Matt Hlinak


Part I


Diary of Culann Riordan, Day 1

I don’t know what day it is or how long I’ve been out here or how long it’s been since I found it, so I’m just going to have to call this Day 1. I’m not sure who I’m writing to, since I don’t think I’ve got very long to live, nor do I expect anyone who finds this diary to have long to live either. Maybe it will be found by people from a future society whose science (magic?) is sufficiently advanced to allow them to survive on this island.

Maybe I’ll be able to teach the dogs to read…

The point is—well, I guess I don’t have a point, since I’m really just killing time.

If I had a point it would be that I’m writing this for myself, not even with the expectation that I’ll ever read what I’m writing, but that perhaps the act of writing will help me understand what has happened. That I’m even in this mess seems to me to be clearly the result of my misdeeds, but the fact that I alone survived tells me… what? Do I deserve to still be alive, or is my survival continued punishment?

I feel reasonably good today (if you can even call what this is “today” when I haven’t seen the sun rise or set in weeks). The right leg is almost completely healed, which has taken a lot of the pressure off the left leg, leading to modest improvement on that front. I don’t think I’ll ever be able to walk without my trusty barstool-leg cane. As you (whoever you are) can see by my penmanship, the right hand is a mess, but I’m considering myself lucky that I can even write at all.

The dogs are driving me crazy. I can’t take more than three steps without tripping over one of them. It creeps me out the way their eyes follow me whatever I do. Dozens of guileless eyes always trained on me, monitoring my slightest movement. I can’t tell if it’s out of loving devotion, or whether they’re planning the perfect moment to leap on top of me and strip the flesh from my bones. I can’t get that image out of my head…

I don’t know what I’d do without them.


Like many of Pyrite’s other residents, Culann Riordan had run into some trouble in the Lower Forty-Eight and hoped for a fresh start in America’s last frontier. Pyrite is a remote island village about a mile off Alaska’s west coast. In the summer, the population peaks at around forty, mostly fishermen. The rest are the women and children hearty and unfortunate enough to belong to the family of an Alaskan fisherman.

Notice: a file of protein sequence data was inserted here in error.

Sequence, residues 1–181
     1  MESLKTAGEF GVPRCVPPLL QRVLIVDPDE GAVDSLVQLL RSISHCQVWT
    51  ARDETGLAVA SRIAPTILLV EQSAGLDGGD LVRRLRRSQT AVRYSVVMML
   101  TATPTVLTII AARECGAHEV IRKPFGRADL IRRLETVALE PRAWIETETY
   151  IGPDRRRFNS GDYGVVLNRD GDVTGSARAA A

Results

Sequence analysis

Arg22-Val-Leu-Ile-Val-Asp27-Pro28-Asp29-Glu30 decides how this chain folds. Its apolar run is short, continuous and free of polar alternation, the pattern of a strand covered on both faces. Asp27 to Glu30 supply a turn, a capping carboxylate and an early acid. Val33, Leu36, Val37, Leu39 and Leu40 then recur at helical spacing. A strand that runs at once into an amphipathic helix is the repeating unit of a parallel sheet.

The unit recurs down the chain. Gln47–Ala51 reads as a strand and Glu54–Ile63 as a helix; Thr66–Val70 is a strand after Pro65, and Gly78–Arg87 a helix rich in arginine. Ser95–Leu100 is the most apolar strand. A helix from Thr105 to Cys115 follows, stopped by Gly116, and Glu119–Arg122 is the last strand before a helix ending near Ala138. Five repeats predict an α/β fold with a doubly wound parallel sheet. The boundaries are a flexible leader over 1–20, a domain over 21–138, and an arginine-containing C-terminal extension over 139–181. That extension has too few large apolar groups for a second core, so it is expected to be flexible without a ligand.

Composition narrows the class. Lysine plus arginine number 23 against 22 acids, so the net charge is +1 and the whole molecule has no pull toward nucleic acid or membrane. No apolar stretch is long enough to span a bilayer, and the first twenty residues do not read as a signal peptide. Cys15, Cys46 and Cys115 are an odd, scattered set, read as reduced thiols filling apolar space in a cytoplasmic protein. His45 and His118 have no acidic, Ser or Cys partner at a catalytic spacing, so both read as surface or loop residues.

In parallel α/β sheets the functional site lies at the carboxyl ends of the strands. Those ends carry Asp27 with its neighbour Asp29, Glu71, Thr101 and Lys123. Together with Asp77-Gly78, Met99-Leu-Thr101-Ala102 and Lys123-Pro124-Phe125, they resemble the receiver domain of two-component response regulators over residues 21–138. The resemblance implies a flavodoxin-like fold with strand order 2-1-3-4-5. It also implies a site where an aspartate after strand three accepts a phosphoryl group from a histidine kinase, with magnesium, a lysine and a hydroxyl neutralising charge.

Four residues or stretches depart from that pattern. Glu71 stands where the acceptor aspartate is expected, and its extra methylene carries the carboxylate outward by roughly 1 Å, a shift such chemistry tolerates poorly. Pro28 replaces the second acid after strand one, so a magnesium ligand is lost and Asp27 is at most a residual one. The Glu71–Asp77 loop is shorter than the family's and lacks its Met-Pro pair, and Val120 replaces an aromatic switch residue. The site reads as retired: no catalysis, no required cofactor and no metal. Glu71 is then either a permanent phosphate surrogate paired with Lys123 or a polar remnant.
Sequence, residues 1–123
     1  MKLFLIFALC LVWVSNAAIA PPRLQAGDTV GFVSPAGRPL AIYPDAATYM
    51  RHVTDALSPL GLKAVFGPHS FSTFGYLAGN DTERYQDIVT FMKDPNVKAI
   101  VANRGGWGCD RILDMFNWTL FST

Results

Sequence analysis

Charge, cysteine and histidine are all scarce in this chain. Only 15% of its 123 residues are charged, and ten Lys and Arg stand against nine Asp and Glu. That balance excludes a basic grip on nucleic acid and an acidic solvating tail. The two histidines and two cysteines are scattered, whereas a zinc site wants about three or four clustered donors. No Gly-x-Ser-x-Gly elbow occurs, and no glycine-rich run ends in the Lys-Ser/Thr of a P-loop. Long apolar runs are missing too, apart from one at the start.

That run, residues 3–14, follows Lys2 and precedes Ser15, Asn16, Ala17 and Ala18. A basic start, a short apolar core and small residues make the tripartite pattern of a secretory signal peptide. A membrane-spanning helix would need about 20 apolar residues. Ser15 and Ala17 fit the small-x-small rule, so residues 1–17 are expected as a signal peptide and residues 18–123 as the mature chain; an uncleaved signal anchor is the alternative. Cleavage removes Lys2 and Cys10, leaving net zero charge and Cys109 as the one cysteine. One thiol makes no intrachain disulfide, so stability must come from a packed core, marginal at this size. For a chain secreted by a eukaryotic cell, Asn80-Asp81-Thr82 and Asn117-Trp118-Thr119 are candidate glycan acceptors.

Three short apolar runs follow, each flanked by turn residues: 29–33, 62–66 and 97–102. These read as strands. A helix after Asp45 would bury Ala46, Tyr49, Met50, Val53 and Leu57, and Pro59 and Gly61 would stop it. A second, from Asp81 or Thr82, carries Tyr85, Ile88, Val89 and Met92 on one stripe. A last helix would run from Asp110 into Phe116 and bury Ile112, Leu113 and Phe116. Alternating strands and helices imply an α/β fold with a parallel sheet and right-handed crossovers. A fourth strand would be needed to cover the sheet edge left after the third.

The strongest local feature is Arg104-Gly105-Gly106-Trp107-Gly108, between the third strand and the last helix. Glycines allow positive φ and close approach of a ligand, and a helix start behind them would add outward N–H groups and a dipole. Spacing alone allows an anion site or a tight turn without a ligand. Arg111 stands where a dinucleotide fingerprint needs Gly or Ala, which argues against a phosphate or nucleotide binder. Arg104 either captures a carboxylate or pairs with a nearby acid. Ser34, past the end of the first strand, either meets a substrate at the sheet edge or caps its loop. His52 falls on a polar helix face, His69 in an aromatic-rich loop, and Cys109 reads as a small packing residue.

Culann arrived in Pyrite in early June, just before the end of the school year.

Someone else would be administering the final exams for his classes. He stumbled off the ferry, dropping his near-empty thermos onto the dock. What little vodka remained soaked into the planks. Culann kicked the thermos into the water where it bobbed in the ferry boat’s wake. The captain, a fat, little man dressed incongruously in a Hawaiian shirt, smirked and reversed his engines, heading back to the mainland. Culann had been his only passenger, and no one had come to greet their arrival.

At this time of year and at this latitude, the sun barely dipped below the horizon in the evening. The sun was out of sight, but its light still bleached the night sky. Between the black water below him and the pale sky above, the world in which Culann found himself seemed completely devoid of color, like the surface of the moon. It was a far cry from the miles of lush lawns he’d been accustomed to back home.

He reached into his pocket and drew out a crumpled post-it note with 27 Pyrite Avenue scribbled on it. He walked to the end of the dock and stepped down onto a long, gravel road that seemed to stretch the length of the small island. Though it was unmarked, Culann assumed he was standing on Pyrite Avenue since he could see no other roads. Off to his right was a short trailer which ran right up to the road. A post pounded into the ground next to it had a 1 painted on it. To his left was little more than a log cabin, which had a 2 painted on its door.